D’var Torah by Rachel Landis
Mar 14 , 2018/Category

Congregant Rachel Landis gave a stirring d’var Torah last week on Erev Shabbat, and in case you missed it, we’d like to share it with you. Hard copies of this d’var Torah are also available at Congregation Rodeph Sholom. Yasher koach to Rachel!

Shabbat Shalom. This week’s Torah portion is Parashat Vayakhel-Pekudei, one of the few double parshiyot we get to read this year. In Vayakhel, G-d outlines the the materials necessary for building and decorating of the tabernacle, and Moses sends the Israelites off to perform their duties. Every skilled worker is told they must use their craft to decorate the tabernacle so it’s holy and beautiful enough for God’s presence. Later, in Pekudei, the priests are anointed and God’s presence finally settles in the tabernacle.

One idea is that is stressed over and over again in these parshiyot is the idea of a “holy space”. What makes a holy space? Is it always a place of worship? Or is it anywhere miraculous things happen, or wherever we feel safe?

To me, a holy space is somewhere I’m surrounded by friends, where I can learn, change, and grow. I know to most of my peers, that’s what school is for us. School is somewhere we can go to be challenged while still remaining safe. However, in the past few weeks, the idea of my school as a holy space has been ripped away from me, as it has been for many others my age.

As I’m sure you all know, almost four weeks ago Marjory Stoneman Douglas High School in Parkland, Florida suffered a terrible shooting, claiming seventeen victims. Countless more will forever feel unsafe in their own school. And even beyond Parkland, kids around the country are beginning to see that this tragedy could have happened to any school, and are starting to worry that their school may be next.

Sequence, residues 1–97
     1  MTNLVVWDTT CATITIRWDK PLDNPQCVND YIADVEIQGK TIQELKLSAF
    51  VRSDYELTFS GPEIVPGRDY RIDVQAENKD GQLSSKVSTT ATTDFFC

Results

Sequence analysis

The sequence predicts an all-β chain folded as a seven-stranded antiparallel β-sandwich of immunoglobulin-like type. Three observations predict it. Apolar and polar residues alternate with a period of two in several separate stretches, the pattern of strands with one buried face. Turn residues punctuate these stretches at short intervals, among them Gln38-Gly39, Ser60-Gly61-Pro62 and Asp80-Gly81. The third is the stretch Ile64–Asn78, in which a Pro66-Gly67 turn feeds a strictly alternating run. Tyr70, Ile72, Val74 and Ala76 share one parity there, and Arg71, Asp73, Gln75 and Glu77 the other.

As Jews, it is our duty in every generation to create holy spaces, from tabernacles to temples to synagogues to safe schools. In Deuteronomy, we are told “Tzedek, tzedek, tirdof”: justice, justice, shall you pursue. Activism is one of our Jewish values, and one we must stress now more than ever.

Teens from the North American Federation of Temple Youth, or NFTY as I’m sure we all know it better, are leading national change on gun reform alongside our brothers and sisters in Parkland and around the rest of the country. On March 24th we’ll all join together in the March For Our Lives, and I invite everyone here to get involved.  Whether you travel to DC or stand up in New York, your voice is necessary to keep the national conversation centered around gun control and pressure our representatives to making public areas safer for us and our children.

In Vayakhel, G-d lays out very specific instructions for how the Tabernacle should look. The tabernacle requires several precious metals and gems, dolphin skins, oil, yarn, spices, a lampstand, two altars, and vestments for the priests in order for it to be holy enough for G-d to dwell in. After being told their jobs, the entire community of Israel leaves Moses and sets out to do their work. If just one Israelite had fallen short, if just one Israelite had decided “I’m too tired, and there are so many people already bringing silver”, if just one Israelite had decided to not do their part, the tabernacle would not have been fully holy and G-d would not have been able to dwell in it.

When the tabernacle is holy and G-d’s eternal presence enters the holy space, only then could the Israelites pause in their journey and rest. Similarly, we can only rest when we know G-d is present, which will only be when we create holiness in spaces for our children. If we work together, and march together, and advocate together, we can create a holy space that extends beyond our community and outwards. In the Torah Women’s Commentary, Rabbi Andrea Weiss discusses the phrasing of how the Israelites whose “hearts were so moved” gave gifts to them temple. Even if G-d had not asked them to, she believes they would have done so anyway because it is their essence to do good. So if your heart is so moved, if you feel your essence if telling you to, please join us on March 24th, and seek some justice to make the world a holier place.

Rachel Landis